High Athletics: Cannabis for Mindfulness, Pain Relief, and Recovery


All Information Displayed In This Post Is For Educational Purposes Only, And Is Not To Be Construed As Medical Advice Or Treatment For Any Specific Person Or Condition. Cannabis Has Not Been Analyzed Or Approved By The FDA. Individual Results May Vary.


As early as twenty five years ago, a cannabis infused gym, yoga studio, or fitness center seemed closer to fantasy than reality. Cannabis simply wasn’t accepted.

Today, hard work by advocates, activists, and legislators alike have normalized the plant. California’s Prop 215, the first bill legalizing state medical use, passed in November of 1996, almost 22 years ago. This July, recreational cannabis sales will begin alongside Massachusetts medical marijuana program, making the commonwealth the 9th American state, along with the district of Columbia, to legalize general adult use of cannabis.

As more locales, states, and even countries, like Canada legalize cannabis, olympic athletes, yoga nuts, and fitness enthusiasts alike have begun integrating cannabis into their regimens. Medical marijuana doctors and stoned athletes alike cite cannabis as a great alternative for pain relief and recovery.  Cannabis fitness experts, like former NFL running back Ricky Williams, have created careers and brands out of cannabis wellness.

But how exactly does cannabis help athletic performance and workouts?

Some users find cannabis helps them focus on their workout, increasing mindfulness


Medical and recreational cannabis affect each user in different ways, so what works for some may may not work for all. With that said, many prominent professional and collegiate athletes swear by cannabis’ mindful properties, allowing them to better focus on their workout, performance, or warmup.

For example, I spoke with Aurelia Sheehan, a decorated former Division 3 collegiate swimmer. 

She emphasized that, “smoking [cannabis] made swimming less boring,” and that using cannabis helped her concentrate and be more mindful of her body.

She championed cannabis as a mindful aid pre workout, stating, “If I’m in that very Indica induced body high where I can feel my muscles stretching and I can feel my tendons responding slowly I’m much more likely to stretch the right way.”


Cannabis helped her be more mindful of her body in general. She found that, “because I would smoke I’d be more inclined to notice small changes in my body that I could report to a trainer or coach so I could more accurately describe the issue.”

Cannabis sativa strains are known for their head clearing, invigorating effects that can aid in concentration. Cannabis users like Sheehan could be simulating “the runner’s high” by smoking the plant. When you perform a rigorous workout or run, your body produces natural cannabinoids, like anandamide, in large amounts. These interact with your brain to produce the invigorating, “runner’s high.”

The runner’s high, “whether natural or marijuana induced—can minimize distraction and help exercise be not just a means to an end but an enjoyment,” according to Eckerd College Biology professor Gregory Gerdeman.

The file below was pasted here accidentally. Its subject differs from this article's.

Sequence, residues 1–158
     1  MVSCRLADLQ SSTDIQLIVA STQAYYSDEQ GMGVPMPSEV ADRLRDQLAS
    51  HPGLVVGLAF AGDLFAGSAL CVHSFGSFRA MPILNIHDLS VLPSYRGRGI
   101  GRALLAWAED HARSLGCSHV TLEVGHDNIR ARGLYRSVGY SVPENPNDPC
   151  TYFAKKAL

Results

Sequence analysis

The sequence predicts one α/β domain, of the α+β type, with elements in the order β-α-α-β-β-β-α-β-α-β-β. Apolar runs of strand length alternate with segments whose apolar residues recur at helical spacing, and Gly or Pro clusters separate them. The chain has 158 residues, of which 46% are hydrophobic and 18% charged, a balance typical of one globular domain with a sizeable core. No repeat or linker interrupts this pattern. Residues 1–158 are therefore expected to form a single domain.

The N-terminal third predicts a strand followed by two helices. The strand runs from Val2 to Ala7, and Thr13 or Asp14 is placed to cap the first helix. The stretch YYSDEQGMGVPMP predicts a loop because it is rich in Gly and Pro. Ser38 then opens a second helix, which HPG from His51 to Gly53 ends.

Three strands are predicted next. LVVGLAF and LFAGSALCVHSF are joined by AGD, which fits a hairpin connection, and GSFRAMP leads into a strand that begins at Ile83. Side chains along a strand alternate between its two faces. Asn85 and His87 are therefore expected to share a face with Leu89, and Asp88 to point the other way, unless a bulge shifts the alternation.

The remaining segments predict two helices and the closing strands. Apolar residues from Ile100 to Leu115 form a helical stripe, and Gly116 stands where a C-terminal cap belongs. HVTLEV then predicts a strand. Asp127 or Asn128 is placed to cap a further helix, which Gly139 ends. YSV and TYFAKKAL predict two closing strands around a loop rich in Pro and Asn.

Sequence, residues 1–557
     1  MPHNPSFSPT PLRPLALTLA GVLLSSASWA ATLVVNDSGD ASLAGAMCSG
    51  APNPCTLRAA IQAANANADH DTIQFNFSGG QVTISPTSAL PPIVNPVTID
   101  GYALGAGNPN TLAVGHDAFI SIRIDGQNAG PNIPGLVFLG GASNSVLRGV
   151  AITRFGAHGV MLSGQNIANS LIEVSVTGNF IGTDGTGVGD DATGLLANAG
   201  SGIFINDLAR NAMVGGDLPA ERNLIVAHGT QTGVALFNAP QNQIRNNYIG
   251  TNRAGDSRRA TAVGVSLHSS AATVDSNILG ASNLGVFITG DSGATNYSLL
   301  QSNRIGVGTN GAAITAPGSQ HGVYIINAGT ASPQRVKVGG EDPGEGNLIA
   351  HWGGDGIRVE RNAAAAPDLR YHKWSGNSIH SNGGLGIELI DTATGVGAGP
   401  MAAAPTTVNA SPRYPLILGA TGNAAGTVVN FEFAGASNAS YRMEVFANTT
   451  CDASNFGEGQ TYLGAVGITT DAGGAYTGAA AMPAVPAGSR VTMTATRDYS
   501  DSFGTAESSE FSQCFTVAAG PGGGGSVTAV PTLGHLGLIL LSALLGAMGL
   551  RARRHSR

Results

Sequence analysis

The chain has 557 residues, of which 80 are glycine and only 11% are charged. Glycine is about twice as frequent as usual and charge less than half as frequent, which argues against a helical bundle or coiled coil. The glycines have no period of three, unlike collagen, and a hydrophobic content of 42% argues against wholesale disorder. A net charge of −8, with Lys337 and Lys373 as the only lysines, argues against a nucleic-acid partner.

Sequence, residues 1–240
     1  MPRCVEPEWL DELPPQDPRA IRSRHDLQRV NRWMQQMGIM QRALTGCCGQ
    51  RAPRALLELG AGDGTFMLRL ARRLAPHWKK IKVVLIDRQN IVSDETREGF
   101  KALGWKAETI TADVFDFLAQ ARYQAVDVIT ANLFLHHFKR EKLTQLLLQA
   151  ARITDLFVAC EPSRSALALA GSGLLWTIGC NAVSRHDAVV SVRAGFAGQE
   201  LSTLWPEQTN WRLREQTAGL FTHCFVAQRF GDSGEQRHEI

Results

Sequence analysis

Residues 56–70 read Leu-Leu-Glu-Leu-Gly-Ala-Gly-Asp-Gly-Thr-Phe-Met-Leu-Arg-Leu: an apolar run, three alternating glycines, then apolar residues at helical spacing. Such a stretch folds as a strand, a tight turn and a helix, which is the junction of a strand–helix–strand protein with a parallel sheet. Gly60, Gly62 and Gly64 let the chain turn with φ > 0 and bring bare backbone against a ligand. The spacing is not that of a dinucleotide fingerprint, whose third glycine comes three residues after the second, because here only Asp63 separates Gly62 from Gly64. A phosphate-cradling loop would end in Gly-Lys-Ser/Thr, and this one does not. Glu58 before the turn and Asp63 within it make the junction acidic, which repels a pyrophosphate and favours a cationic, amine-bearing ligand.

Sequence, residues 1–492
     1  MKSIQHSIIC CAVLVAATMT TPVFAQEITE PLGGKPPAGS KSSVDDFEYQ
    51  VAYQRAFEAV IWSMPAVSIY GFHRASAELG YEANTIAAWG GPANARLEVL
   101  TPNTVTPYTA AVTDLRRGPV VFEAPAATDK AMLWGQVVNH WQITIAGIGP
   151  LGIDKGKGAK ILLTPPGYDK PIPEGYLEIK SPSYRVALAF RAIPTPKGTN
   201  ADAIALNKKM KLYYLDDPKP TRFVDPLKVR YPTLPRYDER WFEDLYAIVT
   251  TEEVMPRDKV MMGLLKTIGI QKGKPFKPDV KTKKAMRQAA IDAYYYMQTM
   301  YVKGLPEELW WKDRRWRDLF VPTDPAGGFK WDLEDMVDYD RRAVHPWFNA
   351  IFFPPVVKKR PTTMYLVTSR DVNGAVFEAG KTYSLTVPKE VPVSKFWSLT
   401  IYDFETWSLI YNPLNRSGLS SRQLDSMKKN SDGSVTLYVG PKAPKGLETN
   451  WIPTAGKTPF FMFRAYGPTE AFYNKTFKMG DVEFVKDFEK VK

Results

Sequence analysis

Cannabis has high efficacy as a pain reliever over more addictive substances like opioids


During her time as a swimmer, Sheehan watched plenty of her high school and college teammates suffer injuries. It became clear to her that it was irresponsible to give young people such hard substances to manage pain, stating, “giving [these kids] opioids to deal with injuries that have been recurring and that haven’t been responding to physical therapy just reduces symptoms.”

Many athletes and fitness enthusiasts deal with pain from chronic injuries and surgeries, and often doctors prescribe opioids to these athletes. These drugs more than not lead to addiction or abuse. Many of these athletes underwent surgery and were provided opioids following their recovery, only to become addicted.

Cannabis has proven efficacy for treating pain, so it’s no wonder so many who deal with athletic injuries could benefit from its pain relieving prowess.

Cannabis aids in recovery in many ways, including stimulating hydration


Cannabis provides its effects by interacting with the human body’s endocannabinoid system, or ECS.

The ECS regulates processes that take place in your body, like mood, appetite, pain sensation, memory, and others. The ECS has receptors that cannabis chemicals called cannabinoids bind onto. When you inhale cannabis, these chemicals bind to your ECS and produce effects associated with pain relief, anti inflammation, sleep aid, and even help aid in recovery.

For example, cannabis use during your workout can help keep you hydrated. You have ECS receptors in certain places in your body, including your salivary glands. When cannabinoids bind here they inhibit these glands, causing a dry mouth sensation known as “cotton mouth.” This encourages you to replenish with water during your workout, which can aid in your overall rest and recovery.

Moreover, cannabis indica dominant strains are known for their body focused, sleep inducing abilities. These strains are recommended for post workout use. By using an indica dominant strain following a workout, you can help your body recover in full more quickly.  

While cannabis for workouts may not be for everybody, it’s important to note the possible benefits indulging may have for your routine and regimen. Do you have a favorite cannabis for work outs?

About the Author

Chris Matich is a professional writer, journalist, and editor living in Pittsburgh, PA. Chris blogs for Schenley.net. His writing interests include LGBT+ people/issues, sports writing, and blogging. Chris currently writes about web optimization, blogging practices, medical cannabis, and cannabis lifestyle. He writes fiction and creative nonfiction in his spare time. Linkedin, Twitter


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